GFPs are involved in bioluminescence in a variety of marine invertebrates, including jellyfish such as Aequorea spp. (Morise, H., et al., Biochemistry 13:2656-2662 (1974); Prendergast, F. G., and Mann, K. G., Biochemistry 17:3448-3453 (1978); Ward, W. W., Photochem. Photobiol. Rev. 4:1-57 (1979) and the sea pansy Renilla reniformis (Ward, W. W., and Cormier, M. J., Photochem. Photobiol. 27:389-396 (1978); Ward, W. W., et al., Photochem. Photobiol. 31:611-615 (1980)). The GFP isolated from Aequorea victoria has been cloned and the primary amino acid structure has been deduced (FIG. 1; Prasher, D. C., et al., Gene 111:229-233 (1992)) (SEQ ID NOs:1, 2). The chromophore of A. victoria GFP is a hexapeptide composed of amino acid residues 64-69 in which the amino acids at positions 64-67 (serine, tyrosine and glycine) form a heterocyclic ring (Prasher, D. C., et al., Gene 111:229-233 (1992); Cody, C. W., et al., Biochemistry 32:1212-1218 (1993)). Resolution of the crystal structure of GFP has shown that the chromophore is contained in a central α-helical region surrounded by an 11-stranded β-barrel (Ormo, M., et al., Science 273:1392-1395 (1996); Yang, F., et al., Nature Biotech. 14:1246-1251 (1996)). Upon purification, native GFP demonstrates an absorption maximum at 395 nanometers (nm) and an emission maximum at 509 nm (Morise, H., et al., Biochemistry 13:2656-2662 (1974);Ward, W. W., et al., Photochem. Photobiol. 31:611-615 (1980)) with exceptionally stable and virtually non-photobleaching fluorescence (Chalfie, M., et al., Science 263:802-805 (1994)).
While GFP has been used as a fluorescent label in protein localization and conformation studies (Heim, R., et al., Proc. Natl. Acad Sci. USA 91:1250-1254 (1994); Yokoe, H., and Meyer, T., Nature Biotech. 14:1252-1256 (1996)), it has gained increased attention in the field of molecular genetics since the demonstration of its utility as a reporter gene in transfected prokaryotic and eukaryotic cells (Chalfie, M., et al., Science 263:802-805 (1994); Heim, R., et al., Proc. Natl. Acad. Sci. USA 91:1250-1254 (1994); Wang, S., and Hazelrigg, T., Nature 369:400-403 (1994)). GFP has also been used in fluorescence resonance energy transfer studies of protein-protein interactions (Heim, R., and Tsien, R. Y., Curr. Biol. 6:178-182 (1996)). Since GFP is naturally fluorescent, exogenous substrates and cofactors are not necessary for induction of fluorescence, thus providing GFP an advantage over the biochemical, luminescent and other fluorescent reporter genes described above. Visualization of GFP fluorescence does not require the fixation steps necessary with biochemical reporters such as β-gal and β-glu, nor does it require extraction from the cell prior to assay as may be required with luciferase; thus, GFP is suitable for use in procedures requiring continued viability of transfected cells. In addition, since the GFP cDNA containing the complete coding region is less than 1 kilobase in size (Prasher, D. C., et al., Gene 111:229-233 (1992)), it is easily manipulated and inserted into a variety of vectors for use in creating stable transfectants (Chalfie, M., et al., Science 263:802-805 (1994)).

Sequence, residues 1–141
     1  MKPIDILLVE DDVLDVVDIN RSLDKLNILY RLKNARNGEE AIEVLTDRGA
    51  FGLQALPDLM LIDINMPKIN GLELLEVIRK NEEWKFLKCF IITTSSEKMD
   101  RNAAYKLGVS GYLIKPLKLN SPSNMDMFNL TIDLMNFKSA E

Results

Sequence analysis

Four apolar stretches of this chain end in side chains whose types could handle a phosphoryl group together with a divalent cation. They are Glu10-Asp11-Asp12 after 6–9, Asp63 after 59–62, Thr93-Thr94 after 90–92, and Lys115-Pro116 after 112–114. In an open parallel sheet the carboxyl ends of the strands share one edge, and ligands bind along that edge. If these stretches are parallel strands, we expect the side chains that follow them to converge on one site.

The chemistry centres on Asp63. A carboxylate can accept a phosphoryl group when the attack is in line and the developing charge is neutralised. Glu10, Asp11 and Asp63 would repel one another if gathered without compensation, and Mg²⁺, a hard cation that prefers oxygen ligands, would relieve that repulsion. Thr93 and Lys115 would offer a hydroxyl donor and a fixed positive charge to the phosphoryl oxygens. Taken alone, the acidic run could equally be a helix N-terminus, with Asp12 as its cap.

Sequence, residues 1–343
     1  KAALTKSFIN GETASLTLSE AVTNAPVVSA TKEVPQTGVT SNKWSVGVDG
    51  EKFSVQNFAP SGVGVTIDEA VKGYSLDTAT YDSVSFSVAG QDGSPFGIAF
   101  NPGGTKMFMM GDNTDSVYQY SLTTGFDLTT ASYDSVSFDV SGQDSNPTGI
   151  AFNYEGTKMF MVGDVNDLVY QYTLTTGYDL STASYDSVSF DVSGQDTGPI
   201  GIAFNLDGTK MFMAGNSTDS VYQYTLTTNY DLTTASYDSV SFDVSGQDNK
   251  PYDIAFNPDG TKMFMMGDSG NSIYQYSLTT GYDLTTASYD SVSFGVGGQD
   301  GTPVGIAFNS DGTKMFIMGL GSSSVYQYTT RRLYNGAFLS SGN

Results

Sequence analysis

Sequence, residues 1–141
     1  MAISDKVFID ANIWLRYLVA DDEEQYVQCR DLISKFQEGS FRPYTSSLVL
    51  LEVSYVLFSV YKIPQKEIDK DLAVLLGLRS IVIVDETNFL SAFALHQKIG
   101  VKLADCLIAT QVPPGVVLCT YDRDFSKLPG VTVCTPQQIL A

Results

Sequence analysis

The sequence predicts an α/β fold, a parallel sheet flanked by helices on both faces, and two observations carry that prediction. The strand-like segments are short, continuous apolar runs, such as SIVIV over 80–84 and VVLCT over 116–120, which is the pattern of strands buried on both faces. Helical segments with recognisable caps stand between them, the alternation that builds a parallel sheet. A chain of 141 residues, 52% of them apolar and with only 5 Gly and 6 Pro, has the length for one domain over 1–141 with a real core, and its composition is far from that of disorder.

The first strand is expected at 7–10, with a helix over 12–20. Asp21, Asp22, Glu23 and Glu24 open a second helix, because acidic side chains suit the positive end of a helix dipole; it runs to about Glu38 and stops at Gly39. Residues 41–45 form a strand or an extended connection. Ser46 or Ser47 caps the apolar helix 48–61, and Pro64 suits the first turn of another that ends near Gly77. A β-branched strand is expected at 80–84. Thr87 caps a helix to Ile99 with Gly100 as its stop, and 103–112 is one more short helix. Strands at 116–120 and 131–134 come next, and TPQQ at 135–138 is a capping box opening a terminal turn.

Despite these advantages, however, the use of wildtype GFP has a few limitations. For example, the excitation and emission maxima of wildtype GFP are not within the range of wavelengths of standard fluorescence optics (at which GFP demonstrates relatively low quantum yield (i.e., low intensity of fluorescence)). In addition, GFP shows low efficiency of transcription in mammalian cells upon transfection and is packaged into low-solubility inclusion bodies in bacteria (thus providing difficulty in purification). These limitations have been overcome to a limited extent via the introduction of selected point mutations into the sequence of wildtype GFP.